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    This isn’t a csh feature. It’s just a convention of the system. There was a cron job that runs a daily script that deletes old scratch files.

    find / ! -fstype local -a -prune -o \
        \( -name '[#,]*' -o -name '.#*' -o -name a.out -o -name core \
           -o -name '*.CKP' -o -name '.emacs_[0-9]*' \) \
                -a -atime +3 -exec rm -f -- {} \;


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      This person uses csh? Ye cats.

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        I use a tempfike name (‘tt’ in my case - inherited from my first Unix mentor, who may have got it from ATT. Anyone else use the same?). Any tt* file (tt.go, tt.json, ttt) can be.nuked at any time. If I want to keep it I rename. Naming is important, and.‘tt’ really just means “the current thing” to me….i.e. “it” in English or $_ in perl.

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          I tend to use ‘fred’, it just roles off the fingers with a qwerty keyboard.

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            Wait—really? Hah, I thought I came up with naming files ‘tt’.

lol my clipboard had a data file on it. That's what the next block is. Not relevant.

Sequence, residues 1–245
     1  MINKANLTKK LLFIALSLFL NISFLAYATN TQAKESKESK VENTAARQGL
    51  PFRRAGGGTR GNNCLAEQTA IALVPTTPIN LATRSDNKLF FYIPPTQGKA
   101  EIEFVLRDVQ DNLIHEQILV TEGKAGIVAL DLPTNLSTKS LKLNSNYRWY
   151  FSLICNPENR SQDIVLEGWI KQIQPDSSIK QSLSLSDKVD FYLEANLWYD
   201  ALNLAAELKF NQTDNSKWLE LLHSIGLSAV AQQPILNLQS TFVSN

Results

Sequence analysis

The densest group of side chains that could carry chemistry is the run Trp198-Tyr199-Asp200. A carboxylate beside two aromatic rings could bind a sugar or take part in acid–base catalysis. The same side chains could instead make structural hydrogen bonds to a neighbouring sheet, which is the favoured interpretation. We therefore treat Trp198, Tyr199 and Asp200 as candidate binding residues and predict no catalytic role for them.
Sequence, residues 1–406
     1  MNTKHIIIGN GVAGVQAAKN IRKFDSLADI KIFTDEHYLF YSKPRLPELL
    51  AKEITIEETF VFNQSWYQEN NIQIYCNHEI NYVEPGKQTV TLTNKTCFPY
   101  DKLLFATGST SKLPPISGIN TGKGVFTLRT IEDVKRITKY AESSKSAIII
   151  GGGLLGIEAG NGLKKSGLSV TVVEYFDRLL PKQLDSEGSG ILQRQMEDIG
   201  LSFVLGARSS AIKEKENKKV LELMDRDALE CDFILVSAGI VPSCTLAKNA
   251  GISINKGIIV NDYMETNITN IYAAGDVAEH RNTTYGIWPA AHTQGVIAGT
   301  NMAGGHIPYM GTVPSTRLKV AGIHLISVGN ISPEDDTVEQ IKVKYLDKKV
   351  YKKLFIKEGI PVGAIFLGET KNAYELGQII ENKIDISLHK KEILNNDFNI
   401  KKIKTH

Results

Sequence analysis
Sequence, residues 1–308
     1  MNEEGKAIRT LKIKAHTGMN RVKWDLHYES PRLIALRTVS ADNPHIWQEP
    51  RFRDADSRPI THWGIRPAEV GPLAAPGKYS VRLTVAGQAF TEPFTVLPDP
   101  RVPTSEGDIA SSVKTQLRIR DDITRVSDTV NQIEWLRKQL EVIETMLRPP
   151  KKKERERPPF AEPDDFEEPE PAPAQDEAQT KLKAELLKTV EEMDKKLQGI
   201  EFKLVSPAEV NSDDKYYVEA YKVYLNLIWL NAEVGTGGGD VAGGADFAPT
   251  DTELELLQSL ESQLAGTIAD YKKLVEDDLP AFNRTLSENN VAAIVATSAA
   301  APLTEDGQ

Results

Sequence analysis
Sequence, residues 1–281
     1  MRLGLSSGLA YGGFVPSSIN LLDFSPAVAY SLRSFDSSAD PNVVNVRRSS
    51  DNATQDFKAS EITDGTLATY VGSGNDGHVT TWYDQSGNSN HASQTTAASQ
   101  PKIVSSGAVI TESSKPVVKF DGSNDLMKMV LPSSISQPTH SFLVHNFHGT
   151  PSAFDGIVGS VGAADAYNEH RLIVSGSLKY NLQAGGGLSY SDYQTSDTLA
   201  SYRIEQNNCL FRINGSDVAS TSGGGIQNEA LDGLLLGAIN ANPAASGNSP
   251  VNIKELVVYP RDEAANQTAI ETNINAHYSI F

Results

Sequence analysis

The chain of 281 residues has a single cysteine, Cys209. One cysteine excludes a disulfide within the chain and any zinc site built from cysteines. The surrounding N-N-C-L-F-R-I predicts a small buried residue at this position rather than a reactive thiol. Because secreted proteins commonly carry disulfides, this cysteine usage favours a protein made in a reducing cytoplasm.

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            I use ,* as the convention for a temp file. It doesn’t conflict with any other software that I’ve ever encountered. My .gitignore files contain ,*.

            A , is easier to type than a #. Also, if you type rm #* it doesn’t work because # is a shell comment, and quoting is more work, but rm ,* works fine.

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              For the record, you don’t need to quote to escape #, \# will do.

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              I remember scratch file specs in JCL on IBM mainframes back in the 1970s.

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                this seems like quite an interesting idea. I’m curious as to how tools like ls would handle them, however; would they act as hidden files, or be shown alongside everything else? I feel that I’d find them cluttering, although I already have a shell script that acts as a scratchpad if I need one, and of course the Emacs scratch buffer :)

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                  I wonder if this could be implemented using Bash prompt hooks.